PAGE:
After years of contemplation, the Illinois Department of Revenue (“Department”) has finally issued some guidance regarding the taxability of Software as a Service (“SaaS”).
For over a decade, the Department has declined to rule on whether transactions involving computer software Application Software Providers (“ASPs”), software hosting, and web-based software is subject to Illinois’ Retailer’s Occupation Tax (“ROT). See Ill. GL ST 06-0116 (05/16/2006); Ill. GIL ST 09-0057 (04/02/2009); Ill. GIL ST 10-0103 (10/29/2010); Ill. GIL ST 13-0049 (9/11/2013). The Department has previously explained that it believes that the “proper forum for providing guidance regarding transactions involving computer software ASP's, software hosting, and web-based software is through a formal administrative rulemaking process rather than through individual inquires such as letter ruling requests” and that it was in the process of researching the nature and type of services and products provided by these types of providers, including discussions with industry participants and intended to adopt regulations once its review was complete. Ill. GIL ST 10-0103 (10/29/2010); Ill. GIL ST 13-0049 (9/11/2013).
The Department has finally issued ST 16-0038-GIL (8/18/2016), regarding the application of ROT to SaaS. According to the Department, “a provider of software as a service is acting as a serviceman. If the provider does not transfer any tangible personal property to the customer, then the transaction generally would not be subject to Retailers’ Occupation Tax, Use Tax, Service Occupation Tax, or Service Use Tax. If the provider transfers to the customer an API, applet, desktop agent, or a remote access agent to enable the customer to access the provider’s network and services, it appears the subscriber is receiving computer software that is subject to tax.” The Department further explained that “although there may not be a separate charge to the customer for the computer software, it is nonetheless subject to tax, unless the transfer qualifies as a nontaxable license of computer software. If the provider, as a serviceman, is not otherwise required to be registered under Section 2a of the Retailers’ Occupation Tax Act and qualifies as a de minimis serviceman, the provider could elect to pay Use Tax on its cost price of the computer software.” See also ST 16-0034-GIL (8//17/2016) (the Department ruled that a service provider’s online sales of web collaboration software was not subject to tax because the computer software was provided through a cloud-based system, in which computer software was never downloaded onto a client’s computer and only accessed remotely).
In contrast, in ST 16-0035-GIL (8/17/2016), the taxpayer provided web based software tools for marketing, analytics, and search engine optimization on a subscription basis to its customer with a downloadable API as part of the services. The Department ruled that a service provider’s online sales of web-based software tools would be subject to ROT because its customers received a downloadable application program interface (“API”) as part of the service. The Department explained that sales of computer software provided through a cloud based delivery system, in which the computer software is downloaded onto a client’s computer, is taxable. Under Illinois law, “computer software” includes an API, applet, desktop agent or a remote access agent.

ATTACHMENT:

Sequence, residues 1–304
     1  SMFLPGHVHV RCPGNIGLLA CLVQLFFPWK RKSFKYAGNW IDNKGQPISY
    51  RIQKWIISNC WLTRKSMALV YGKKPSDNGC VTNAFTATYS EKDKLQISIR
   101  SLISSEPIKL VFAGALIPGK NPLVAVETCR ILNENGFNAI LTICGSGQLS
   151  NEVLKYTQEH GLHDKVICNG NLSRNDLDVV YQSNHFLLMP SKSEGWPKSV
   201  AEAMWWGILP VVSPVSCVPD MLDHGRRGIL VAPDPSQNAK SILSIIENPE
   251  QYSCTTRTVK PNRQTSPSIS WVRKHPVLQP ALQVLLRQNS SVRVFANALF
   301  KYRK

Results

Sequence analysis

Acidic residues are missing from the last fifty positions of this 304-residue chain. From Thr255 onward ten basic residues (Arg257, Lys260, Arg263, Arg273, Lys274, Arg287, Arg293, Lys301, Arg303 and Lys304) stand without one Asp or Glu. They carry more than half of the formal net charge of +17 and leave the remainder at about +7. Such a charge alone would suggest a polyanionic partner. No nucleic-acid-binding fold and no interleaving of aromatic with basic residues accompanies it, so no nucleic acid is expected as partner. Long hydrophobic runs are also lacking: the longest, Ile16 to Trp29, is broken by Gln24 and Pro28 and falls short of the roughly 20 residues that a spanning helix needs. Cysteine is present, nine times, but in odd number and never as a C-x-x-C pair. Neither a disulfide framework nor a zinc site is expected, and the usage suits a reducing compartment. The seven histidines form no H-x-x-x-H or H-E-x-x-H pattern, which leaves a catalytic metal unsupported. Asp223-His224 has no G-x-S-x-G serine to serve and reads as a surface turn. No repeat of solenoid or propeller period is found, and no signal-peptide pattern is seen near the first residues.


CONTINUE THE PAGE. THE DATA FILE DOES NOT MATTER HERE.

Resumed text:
Therefore, based on the Department’s guidance, if no software is downloaded by the customer then the SaaS transaction is not subject to ROT. However, if software is downloaded by the customer: (1) Illinois’ five-part test under Ill. Admin. Code 130.1935(a)(1) should be applied to determine whether the license of software is a taxable retail sale; or (2) determine if the taxpayer qualifies as a de minimis serviceman. If the license of software does not meet all the requirements of Illinois’ five-part test (i.e., the software is a taxable retail sale) or the taxpayer does not qualify as a de minimis serviceman, then Department will deem the transaction subject to ROT.
The Department’s decision to finally issue some guidance regarding the taxability of SaaS cannot have come at a better time, especially in light of the City of Chicago’s efforts to tax SaaS. In addition, with the rise of class action and qui tam lawsuits across the nation (and especially in Illinois), taxpayers will welcome the guidance and an end to a decade of uncertainty. The Department’s next step should be to work with industry experts and taxpayers to promulgate comprehensive regulations regarding the taxability of cloud services.
Other recent “Cloud, Software & Digital Tax” posts by Carolynn Iafrate Kranz:
- Illinois Finally Rules on SaaS
- Tennessee’s Situsing of Accessed Software Runs Afoul
- Chicago Taxes the Cloud
- Tennessee Enacts Legislation Taxing Remotely Accessed Software
- New York and Cloud Computing: NY Gets It Right With IaaS